• The Juukan Gorge rock shelters in Western Australia in 2015. The 46,000-year-old caves were destroyed by mining giant Rio Tinto in May 2020. (PKKP AND ABORIGINAL CORPORATION)Source: PKKP AND ABORIGINAL CORPORATION
A parliamentary report has issued a scathing assessment of the nation's cultural heritage protection laws which led to the destruction of the 46,000-year-old caves last year.
By
Sarah Collard, AAP

Source:
NITV News
18 Oct 2021 - 3:30 PM  UPDATED 18 Oct 2021 - 3:46 PM

The Federal Minister for Indigenous Australians should be responsible for cultural heritage protection, according to a new report tabled following the Juukan Gorge blast.

The Northern Australia Committee's final report, 'A Way Forward', comes after more than a year of hearings involving dozens of Traditional Owner groups and other stakeholders and calls for sweeping changes to cultural heritage laws at the federal and state levels.

Rio Tinto was widely condemned after it was legally allowed to blow up the 46,000-year-old caves on Puutu Kunti Kurrama and Pinikura Country in May 2020 under WA's outdated Aboriginal Heritage Act.

The Traditional Owners were left devastated while Rio Tinto overhauled its executive team and admitted it breached their trust.

The committee recommended stronger overarching heritage legislation which should be co-designed with Indigenous people, setting out minimum standards for all states and territories and potentially the right for Traditional Owners to veto the destruction of important sites.

The report recommended that laws focus on protecting and celebrating heritage and should emphasise the principles of free, prior and informed consent.

Committee chair Warren Entsch said the reporting showed how a "profound lack of care" for First Nations heritage. 

“The committee saw the gross inadequacy of legislative protection of Aboriginal and Torres Strait Islander heritage protection across jurisdictions, and at a national level," the Liberal MP said.

"In the case of Juukan Gorge, commonwealth legislation, and ministerial and administrative inaction failed to protect this heritage site from destruction.

"But perhaps the destruction can at least be a catalyst for change."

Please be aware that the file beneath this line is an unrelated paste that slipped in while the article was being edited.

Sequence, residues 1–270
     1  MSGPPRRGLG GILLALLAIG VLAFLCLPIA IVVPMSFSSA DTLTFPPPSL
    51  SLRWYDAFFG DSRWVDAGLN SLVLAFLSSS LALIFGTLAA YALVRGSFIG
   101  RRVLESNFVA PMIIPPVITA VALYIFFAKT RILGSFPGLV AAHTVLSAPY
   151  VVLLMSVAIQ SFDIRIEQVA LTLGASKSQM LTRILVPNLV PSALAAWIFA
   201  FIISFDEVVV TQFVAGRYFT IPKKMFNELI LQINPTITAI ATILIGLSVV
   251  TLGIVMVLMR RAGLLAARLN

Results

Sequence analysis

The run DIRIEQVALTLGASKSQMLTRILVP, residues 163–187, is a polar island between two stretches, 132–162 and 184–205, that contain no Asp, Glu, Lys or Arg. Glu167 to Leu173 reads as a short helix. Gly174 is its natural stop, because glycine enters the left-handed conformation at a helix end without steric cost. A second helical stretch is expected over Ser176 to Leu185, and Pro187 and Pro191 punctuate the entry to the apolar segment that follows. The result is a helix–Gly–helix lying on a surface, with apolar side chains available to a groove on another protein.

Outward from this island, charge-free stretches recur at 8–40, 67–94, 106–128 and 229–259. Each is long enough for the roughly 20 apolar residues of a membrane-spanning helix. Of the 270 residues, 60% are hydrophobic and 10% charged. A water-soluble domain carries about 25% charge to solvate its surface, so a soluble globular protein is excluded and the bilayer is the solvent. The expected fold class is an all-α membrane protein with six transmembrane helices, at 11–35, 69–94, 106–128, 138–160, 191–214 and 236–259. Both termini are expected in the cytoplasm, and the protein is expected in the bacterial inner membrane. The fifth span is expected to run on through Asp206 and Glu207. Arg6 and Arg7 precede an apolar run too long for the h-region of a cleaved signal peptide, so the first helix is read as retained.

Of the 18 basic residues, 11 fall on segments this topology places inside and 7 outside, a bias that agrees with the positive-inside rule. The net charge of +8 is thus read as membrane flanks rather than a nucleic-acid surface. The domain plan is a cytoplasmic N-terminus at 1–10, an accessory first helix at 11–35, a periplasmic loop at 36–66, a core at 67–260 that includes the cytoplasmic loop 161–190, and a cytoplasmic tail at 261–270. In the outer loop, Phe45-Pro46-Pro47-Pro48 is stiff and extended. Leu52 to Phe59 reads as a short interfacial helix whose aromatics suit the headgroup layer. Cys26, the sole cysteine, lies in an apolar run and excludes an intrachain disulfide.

The PKKP Traditional Owners said in a statement to NITV News they still felt a "great sense of sorrow and loss" over the damage and are now considering the report and its recommendations. 

"Actions not words will be the true test," it read. 

They said the events were an unintended 'test case' for First Nations people across the country as well as overseas, and are continuing to work with Rio Tinto to ensure they are part of the decision-making process going forward.

"At its core are the rights of traditional owners when it comes to what happens on our lands," they said.

The eight recommendations from the "damning" report should be implemented urgently, according to WA Labor Senator Pat Dodson.

"We want a standalone piece of law," he told NITV News.

"The federal minister in the Commonwealth jurisdiction should set the minimum standards that the state legislation should measure up to and it should be onerous.

"This is a real lack of respect, lack of acknowledgement, a lack of any empathy for the heritage of the First Nations peoples of this country."

He said the new laws must extend protection beyond physical sites of significance. 

"We are at a watershed, the definition of culture has been problematic in the past, it's tended to be physical things, the intangible heritage is now part of that significance."

Meanwhile, Federal MPs have called for Rio Tinto to face a judicial inquiry and potential criminal charges over its destruction of the ancient Juukan Gorge rock shelters.

The recommendation by West Australian Senator Dean Smith and Nationals MP George Christensen is contained in the final report.

Senator Smith and Mr Christensen rejected the need for stronger Commonwealth oversight which they said could be used as "deliberate weapons against the resources sector:"

They instead suggested Rio Tinto should face further consequences for actions they labelled "disgraceful, negligent and wilful".

"There should be a judicial inquiry into the destruction of the site, investigating if conduct preceding or following the event warrants further action - including criminal charges," they said.

In a statement, Rio Tinto said they continue to work hard to improve the relationship between Indigenous peoples and the mining giant. 

“We know this will take time and there will be challenges ahead, but we are focused on improving our engagement with Indigenous Peoples and our host communities to better understand their priorities and concerns, minimise our impacts, and responsibly manage Indigenous cultural heritage in and around our operations.”

The minister for Indigenous, Ken Wyatt said in a statement to NITV News that he welcomes the report and will continue to work closing with the federal environment minister. 

"Indigenous heritage protections are intrinsically bound to Federal and State environmental laws." Mr Wyatt said. 

He said reforms must be co-designed with Aboriginal and Torres Strait Islander communities to suit best practices. 

"There is a need for anyone wanting to work on country to do so in partnership with Indigenous communities to ensure sites are not damaged, desecrated or destroyed."

- With AAP

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